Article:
Date: 2001-05-22 08:47:17
> There is also a good reason for default ctor: to make an instance
> which is later assigned to.
This could be useful as optional behavior. Most containers, though,
wouldn't allow such an assignment after construction (Does it really make
sense? What if objects have already been allocated? ...).
> Can Felix GC use/be a standard allocator?
I think so.
> To _use_ Felix GC as an allocator, we have to solve
> the problem: where does the shape information come from?
> The allocator knows the T, so it could use a 'traits'
> style thingo to get the shape object. It is also possible
> to build a (global) map typeid(T) -> shape for T.
> This prevents more than one shape per type.
Or just have the shape info be static public data (yuck!) of your Felix
template <typename T>
// sizeof(T) we already know
static void (*finaliser)(collector_t *, void *);
static int num_offsets;
static size_t *offsets;
> Unfortunately, I cannot see a way for the Felix operator new
> to work. That function is type independent (it gets sizeof(T),
> and forgets the T). So "new" functions cannot call allocators
> to get hold of memory.
> This problem can be solved by using a templated function
> that calls the Felix allocator. Unfortunately, that technique
> prevents initialisation of the object!
Yes, the usage of allocators generally requires allocation and
initialization to be separated (unless you're just doing a simple copy
construction). Just remember that you *do* have the power of placement new:
T * p = a.allocate();
new (p) T(_all constructor args_);
Another option is to create a family of template functions (like I did in
object_pool, called "construct") that does this for you. However, this is:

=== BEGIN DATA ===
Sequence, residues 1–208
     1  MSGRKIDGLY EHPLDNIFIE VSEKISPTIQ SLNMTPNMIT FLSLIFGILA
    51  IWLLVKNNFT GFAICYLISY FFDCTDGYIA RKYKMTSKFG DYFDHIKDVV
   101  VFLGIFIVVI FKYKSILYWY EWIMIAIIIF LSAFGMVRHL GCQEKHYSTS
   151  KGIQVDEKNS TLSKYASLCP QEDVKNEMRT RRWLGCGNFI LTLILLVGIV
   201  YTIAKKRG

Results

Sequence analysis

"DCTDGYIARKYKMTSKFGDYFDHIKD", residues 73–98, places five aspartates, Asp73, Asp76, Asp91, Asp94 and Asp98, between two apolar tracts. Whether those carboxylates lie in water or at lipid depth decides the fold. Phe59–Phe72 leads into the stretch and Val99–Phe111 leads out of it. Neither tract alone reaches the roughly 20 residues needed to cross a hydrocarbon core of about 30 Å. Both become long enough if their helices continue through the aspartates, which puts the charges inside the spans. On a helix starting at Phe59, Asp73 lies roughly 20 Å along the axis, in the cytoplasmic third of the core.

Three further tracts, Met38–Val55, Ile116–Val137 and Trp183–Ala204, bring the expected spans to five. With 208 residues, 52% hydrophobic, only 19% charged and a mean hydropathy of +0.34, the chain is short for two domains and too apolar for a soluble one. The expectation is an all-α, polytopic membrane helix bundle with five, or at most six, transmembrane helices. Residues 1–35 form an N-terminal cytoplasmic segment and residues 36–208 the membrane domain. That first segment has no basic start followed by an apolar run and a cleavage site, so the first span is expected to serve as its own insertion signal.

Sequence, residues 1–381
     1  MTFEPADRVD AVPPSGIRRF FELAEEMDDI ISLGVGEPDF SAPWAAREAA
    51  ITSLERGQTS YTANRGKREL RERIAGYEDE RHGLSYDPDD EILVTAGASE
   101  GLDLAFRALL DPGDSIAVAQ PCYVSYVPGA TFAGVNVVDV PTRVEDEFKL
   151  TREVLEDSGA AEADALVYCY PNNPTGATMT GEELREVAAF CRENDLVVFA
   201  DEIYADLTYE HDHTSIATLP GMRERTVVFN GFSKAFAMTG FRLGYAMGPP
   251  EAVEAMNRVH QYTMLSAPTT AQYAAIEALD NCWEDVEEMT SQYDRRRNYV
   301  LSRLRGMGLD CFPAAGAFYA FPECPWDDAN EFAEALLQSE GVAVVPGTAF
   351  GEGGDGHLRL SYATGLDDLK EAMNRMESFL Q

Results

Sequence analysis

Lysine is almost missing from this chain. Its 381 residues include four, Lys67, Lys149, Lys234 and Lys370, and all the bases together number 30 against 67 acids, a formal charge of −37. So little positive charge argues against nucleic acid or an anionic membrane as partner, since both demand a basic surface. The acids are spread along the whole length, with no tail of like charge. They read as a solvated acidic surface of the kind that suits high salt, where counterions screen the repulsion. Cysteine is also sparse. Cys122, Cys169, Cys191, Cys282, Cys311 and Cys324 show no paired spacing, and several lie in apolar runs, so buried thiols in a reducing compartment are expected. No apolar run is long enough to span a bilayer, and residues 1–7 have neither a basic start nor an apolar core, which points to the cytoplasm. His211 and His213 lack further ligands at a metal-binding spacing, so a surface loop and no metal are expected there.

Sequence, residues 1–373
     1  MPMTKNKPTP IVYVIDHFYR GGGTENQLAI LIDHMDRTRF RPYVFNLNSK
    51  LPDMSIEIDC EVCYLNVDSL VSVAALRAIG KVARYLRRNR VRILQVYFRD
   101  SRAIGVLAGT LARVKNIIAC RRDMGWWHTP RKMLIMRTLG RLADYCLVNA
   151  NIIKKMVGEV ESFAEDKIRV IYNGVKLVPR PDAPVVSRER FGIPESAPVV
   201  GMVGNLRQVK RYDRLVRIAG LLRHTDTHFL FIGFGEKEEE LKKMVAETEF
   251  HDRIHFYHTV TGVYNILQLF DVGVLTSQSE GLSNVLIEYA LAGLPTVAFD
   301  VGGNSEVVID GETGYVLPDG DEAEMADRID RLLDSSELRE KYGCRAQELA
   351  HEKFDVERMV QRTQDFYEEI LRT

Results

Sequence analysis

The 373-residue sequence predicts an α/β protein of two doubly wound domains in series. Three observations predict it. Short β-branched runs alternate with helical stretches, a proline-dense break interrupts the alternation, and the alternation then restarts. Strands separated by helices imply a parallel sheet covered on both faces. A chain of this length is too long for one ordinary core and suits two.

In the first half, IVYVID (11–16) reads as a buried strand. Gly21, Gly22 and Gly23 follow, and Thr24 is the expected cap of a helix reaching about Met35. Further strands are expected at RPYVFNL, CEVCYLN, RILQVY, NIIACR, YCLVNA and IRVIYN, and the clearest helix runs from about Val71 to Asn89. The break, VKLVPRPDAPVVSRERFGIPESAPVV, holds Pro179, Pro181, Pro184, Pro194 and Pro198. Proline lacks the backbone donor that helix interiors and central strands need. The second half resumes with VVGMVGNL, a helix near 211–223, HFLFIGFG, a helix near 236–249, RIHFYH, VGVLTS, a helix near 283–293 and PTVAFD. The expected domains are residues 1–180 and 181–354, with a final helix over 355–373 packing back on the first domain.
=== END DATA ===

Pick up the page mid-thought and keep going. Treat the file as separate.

1) Messy (but maybe that new CPP library will help here),
2) Restricting (you can only define a finite number of them)
> I'd be interested if anyone can see how to make the Felix GC
> either USE a standard allocator to allocate memory
To use a standard allocator, what's to prevent you from doing:
// My allocator class, templated on Allocator parameter...
template <typename T, typename Allocator = std::allocator<T> >
// The actual objects that we allocate
// The type of allocator used to allocate raw_memory_t objects
typedef typename Allocator::template rebind<raw_memory_t>::other
// In final code, you'll probably want to privately derive to
// make use of empty base optimization.
// User wants a T allocated
void * allocate(std::size_t n)
// Got a plan for handling allocations of arrays???
assert(n == 1);
// Allocate the necessary memory
raw_memory_t * ret = a.allocate(1);
// Initialize ret->frame
// Return the user's pointer (just the data)
Or maybe I'm just overlooking something -- I've only taken a brief look at
your GC so far...
Also, when I did Pool, I started out trying to make it Standard-compatible
allocators &tc., but it ended up being way too messy! In the final design,
I wrote the basic Pool classes using my own sensible semantics, and wrote a
Standard Allocator _interface_ to these. You might want to consider a
similar approach... One other thing -- I allowed the users to define how
Pools allocate memory, but *not* through the Standard Allocator interface --
I defined my own more limited UserAllocator interface instead (doesn't allow
instance-based allocators). It's just so much simpler that way!
I guess what I'm saying is: don't mess your code up trying to force it into
a Standard -- just write it naturally, and then provide a Standard interface
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